It took a decade, but the California legislature has finally delivered to the governor one of the most critical climate and equity bills in the country. No, it’s not mandating carbon neutrality or increasing renewable energy. It’s finally ending local mandates that all new housing and infill projects must include car storage, even if they’re located within half-mile of transit.
A.B. 2097 (from Laura Friedman) builds on work dating back to 2011 (I blogged about then-Assemblymember Nancy Skinner’s failed attempt) to finally end parking requirements for projects near transit and with a percentage of affordable units. Otherwise, too many local governments have not gotten the memo that California’s climate and equity goals require more housing near transit and reduced need for residents to drive vehicles. Instead, many cities and counties still rely on outdated boilerplate planning requirements that require developers to build parking spots, even if residents don’t want or need them. The spots can run anywhere from $30,000 and $90,000 each to build, increasing the cost of housing and making it less affordable as a result.
So why would the state want to allow locals to mandate car storage? In the past, powerful anti-housing local governments resisted such a state override. But cities and counties have mostly lost that fight. Instead the entrenched interests are those that insist that eliminating these requirements will somehow harm the provision of affordable housing. And if it sounds counter-intuitive to you that making housing cheaper and not mandating car storage hurts affordability, it’s because it is.
Here’s the problem: in California, building new housing requires navigating an incredibly complex soup of state and local requirements. Some advocates for affordable housing use this byzantine system to extract concessions from developers. So if someone proposes relaxing one of these requirements, no matter how nonsensical or counter-productive to the environment and affordability it may be, these advocates will only support doing so if they can extract a concession for more affordable housing in the process.
An example is the state’s density bonus program, in which developers can add more density and reduce parking on a project beyond what the local governments allow, but only if they provide more subsidized affordable units. These advocates therefore worry that ending local parking requirements statewide will eliminate this incentive to build more affordable units.
While that might sound right in theory, in practice it’s not correct at all. Developers make money on increased density — more units on the same parcel. The parking reductions are only valuable in that they allow greater density to be built on the same limited parcel. Basically, developers only request the reduction in parking spaces if it means they can squeeze in extra units.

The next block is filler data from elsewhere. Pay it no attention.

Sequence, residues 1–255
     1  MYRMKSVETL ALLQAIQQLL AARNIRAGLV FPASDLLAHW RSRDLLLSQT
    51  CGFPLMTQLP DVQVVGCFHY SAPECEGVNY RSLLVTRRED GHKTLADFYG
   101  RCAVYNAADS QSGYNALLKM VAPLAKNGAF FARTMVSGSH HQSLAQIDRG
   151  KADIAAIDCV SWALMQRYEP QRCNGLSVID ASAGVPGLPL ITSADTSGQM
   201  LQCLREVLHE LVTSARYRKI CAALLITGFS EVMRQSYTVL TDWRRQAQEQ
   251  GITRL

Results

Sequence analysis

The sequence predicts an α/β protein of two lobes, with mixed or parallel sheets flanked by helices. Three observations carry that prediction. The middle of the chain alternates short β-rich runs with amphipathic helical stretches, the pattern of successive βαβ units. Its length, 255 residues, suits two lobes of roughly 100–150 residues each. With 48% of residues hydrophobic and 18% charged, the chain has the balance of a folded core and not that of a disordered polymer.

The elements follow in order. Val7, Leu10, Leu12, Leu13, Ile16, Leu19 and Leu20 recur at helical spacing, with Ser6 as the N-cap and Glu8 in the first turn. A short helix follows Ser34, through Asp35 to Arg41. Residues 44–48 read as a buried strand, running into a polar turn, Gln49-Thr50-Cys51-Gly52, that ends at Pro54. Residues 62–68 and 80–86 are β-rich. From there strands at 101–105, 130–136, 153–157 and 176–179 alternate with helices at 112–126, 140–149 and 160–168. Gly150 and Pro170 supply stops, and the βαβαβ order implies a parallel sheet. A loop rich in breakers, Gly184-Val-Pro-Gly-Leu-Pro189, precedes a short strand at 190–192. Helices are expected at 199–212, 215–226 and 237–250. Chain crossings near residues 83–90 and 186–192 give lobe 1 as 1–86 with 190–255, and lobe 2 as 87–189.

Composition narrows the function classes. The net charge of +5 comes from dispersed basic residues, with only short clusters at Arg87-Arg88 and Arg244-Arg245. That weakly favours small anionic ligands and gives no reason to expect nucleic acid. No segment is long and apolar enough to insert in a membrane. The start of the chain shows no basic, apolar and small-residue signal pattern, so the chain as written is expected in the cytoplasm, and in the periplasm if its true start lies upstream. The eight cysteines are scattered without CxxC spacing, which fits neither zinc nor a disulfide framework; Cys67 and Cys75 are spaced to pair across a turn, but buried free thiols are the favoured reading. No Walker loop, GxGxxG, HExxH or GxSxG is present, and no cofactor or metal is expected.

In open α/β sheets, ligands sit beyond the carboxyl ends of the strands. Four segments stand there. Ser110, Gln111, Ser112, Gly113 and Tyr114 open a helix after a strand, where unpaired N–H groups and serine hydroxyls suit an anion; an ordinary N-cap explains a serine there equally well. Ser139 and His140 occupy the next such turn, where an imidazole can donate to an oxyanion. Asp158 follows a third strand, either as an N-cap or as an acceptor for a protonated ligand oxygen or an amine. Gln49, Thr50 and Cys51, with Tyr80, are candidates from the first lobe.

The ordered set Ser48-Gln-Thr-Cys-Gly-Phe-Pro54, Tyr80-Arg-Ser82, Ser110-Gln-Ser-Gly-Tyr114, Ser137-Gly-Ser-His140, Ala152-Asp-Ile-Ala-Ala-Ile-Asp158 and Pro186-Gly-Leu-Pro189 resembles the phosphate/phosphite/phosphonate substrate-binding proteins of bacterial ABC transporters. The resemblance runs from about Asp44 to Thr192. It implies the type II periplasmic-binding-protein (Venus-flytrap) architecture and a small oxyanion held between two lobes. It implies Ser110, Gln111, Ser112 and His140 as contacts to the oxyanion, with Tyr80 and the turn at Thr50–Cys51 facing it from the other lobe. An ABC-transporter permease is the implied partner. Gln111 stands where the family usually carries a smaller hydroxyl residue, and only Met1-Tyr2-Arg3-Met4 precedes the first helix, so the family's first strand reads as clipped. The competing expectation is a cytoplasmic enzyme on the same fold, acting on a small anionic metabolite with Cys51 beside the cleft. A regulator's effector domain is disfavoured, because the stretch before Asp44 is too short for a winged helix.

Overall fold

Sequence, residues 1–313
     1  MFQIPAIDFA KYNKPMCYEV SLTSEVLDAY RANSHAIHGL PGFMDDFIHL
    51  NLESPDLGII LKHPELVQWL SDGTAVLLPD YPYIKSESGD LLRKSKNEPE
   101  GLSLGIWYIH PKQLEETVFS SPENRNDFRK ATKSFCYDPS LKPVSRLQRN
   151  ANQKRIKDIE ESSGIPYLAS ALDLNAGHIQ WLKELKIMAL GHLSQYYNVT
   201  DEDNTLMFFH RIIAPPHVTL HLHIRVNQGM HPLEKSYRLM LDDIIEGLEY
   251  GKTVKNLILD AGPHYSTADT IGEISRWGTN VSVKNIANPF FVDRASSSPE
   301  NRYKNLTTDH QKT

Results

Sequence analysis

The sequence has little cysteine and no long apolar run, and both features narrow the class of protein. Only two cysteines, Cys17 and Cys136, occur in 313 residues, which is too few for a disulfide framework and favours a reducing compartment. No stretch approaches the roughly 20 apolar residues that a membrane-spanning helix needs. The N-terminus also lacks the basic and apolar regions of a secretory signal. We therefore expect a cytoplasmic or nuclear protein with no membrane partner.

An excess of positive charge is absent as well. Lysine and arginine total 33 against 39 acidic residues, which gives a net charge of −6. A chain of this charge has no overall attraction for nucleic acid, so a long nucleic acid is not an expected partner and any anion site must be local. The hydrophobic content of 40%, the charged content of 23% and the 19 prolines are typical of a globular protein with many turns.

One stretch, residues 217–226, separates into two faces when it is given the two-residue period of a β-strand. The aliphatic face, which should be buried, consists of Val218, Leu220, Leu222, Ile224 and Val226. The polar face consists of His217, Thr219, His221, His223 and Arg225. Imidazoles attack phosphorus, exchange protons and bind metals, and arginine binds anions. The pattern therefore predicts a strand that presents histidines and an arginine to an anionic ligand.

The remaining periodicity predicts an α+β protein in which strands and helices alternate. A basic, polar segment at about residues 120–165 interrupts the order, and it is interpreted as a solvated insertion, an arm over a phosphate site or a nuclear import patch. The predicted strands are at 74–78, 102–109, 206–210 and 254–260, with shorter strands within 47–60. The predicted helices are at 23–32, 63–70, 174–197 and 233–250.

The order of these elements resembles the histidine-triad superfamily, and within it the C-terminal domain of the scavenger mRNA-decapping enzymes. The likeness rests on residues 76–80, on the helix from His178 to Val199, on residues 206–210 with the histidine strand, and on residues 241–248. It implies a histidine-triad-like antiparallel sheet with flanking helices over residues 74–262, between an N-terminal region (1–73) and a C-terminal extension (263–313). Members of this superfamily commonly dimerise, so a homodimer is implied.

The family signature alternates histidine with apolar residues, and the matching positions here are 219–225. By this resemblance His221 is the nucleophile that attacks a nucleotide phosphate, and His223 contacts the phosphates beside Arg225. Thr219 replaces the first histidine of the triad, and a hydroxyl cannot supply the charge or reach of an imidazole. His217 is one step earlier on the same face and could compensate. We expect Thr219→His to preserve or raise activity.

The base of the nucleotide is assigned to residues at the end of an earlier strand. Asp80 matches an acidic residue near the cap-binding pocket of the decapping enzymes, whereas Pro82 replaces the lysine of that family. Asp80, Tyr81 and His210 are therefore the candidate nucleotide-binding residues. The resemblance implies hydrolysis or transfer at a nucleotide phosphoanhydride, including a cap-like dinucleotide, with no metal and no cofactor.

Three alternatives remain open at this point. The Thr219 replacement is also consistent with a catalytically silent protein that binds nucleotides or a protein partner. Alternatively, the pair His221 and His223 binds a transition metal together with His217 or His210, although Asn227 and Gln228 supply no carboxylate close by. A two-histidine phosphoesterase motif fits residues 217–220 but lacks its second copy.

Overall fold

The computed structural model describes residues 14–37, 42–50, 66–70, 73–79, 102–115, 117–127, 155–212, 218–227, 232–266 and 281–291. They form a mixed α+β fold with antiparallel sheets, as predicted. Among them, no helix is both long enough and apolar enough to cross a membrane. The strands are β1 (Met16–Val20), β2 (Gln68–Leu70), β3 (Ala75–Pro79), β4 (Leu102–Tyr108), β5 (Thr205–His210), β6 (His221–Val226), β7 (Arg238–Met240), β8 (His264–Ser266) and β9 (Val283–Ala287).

We’ve seen this in practice. As Mott Smith at USC and Michael Manville at UCLA have documented in multiple years and cities, including in the Los Angeles Transit-Oriented Communities (TOC) program, the evidence conclusively shows that reduced parking requirements lead to more affordable housing and does not undermine density bonus programs. Most prominently, in 2019, San Diego abolished parking requirements near transit for all housing projects (which is precisely what A.B. 2097 would accomplish statewide), and the results were decisive: overall housing units increased 24 percent, density bonus units increased five-fold, and deed-restricted affordable units via density bonuses increased six-fold.
The evidence is clear. California is behind on meeting its 2030 climate goals, and much of the culprit is due to rising transportation emissions from more driving. We also face a brutal housing shortage, leading to a mass exodus of residents to high-polluting states, pervasive homelessness, and stark income inequalities. A.B. 2097 would knit a solution to both problems, by making housing more affordable and reducing the need to own a car right near existing transit hubs.
After a decade of waiting, the state’s residents need this crucial reform to abolish car storage mandates. Let’s hope Governor Newsom does the right thing and signs A.B. 2097.
Ethan Elkind directs the climate program at the Center for Law, Energy and the Environment (CLEE) at UC Berkeley Law, and has an appointment at the UCLA Law’s Emmett Institute on Climate Change and the Environment. This post was originally published on his blog, Writings on the Environment and Politics, & Music.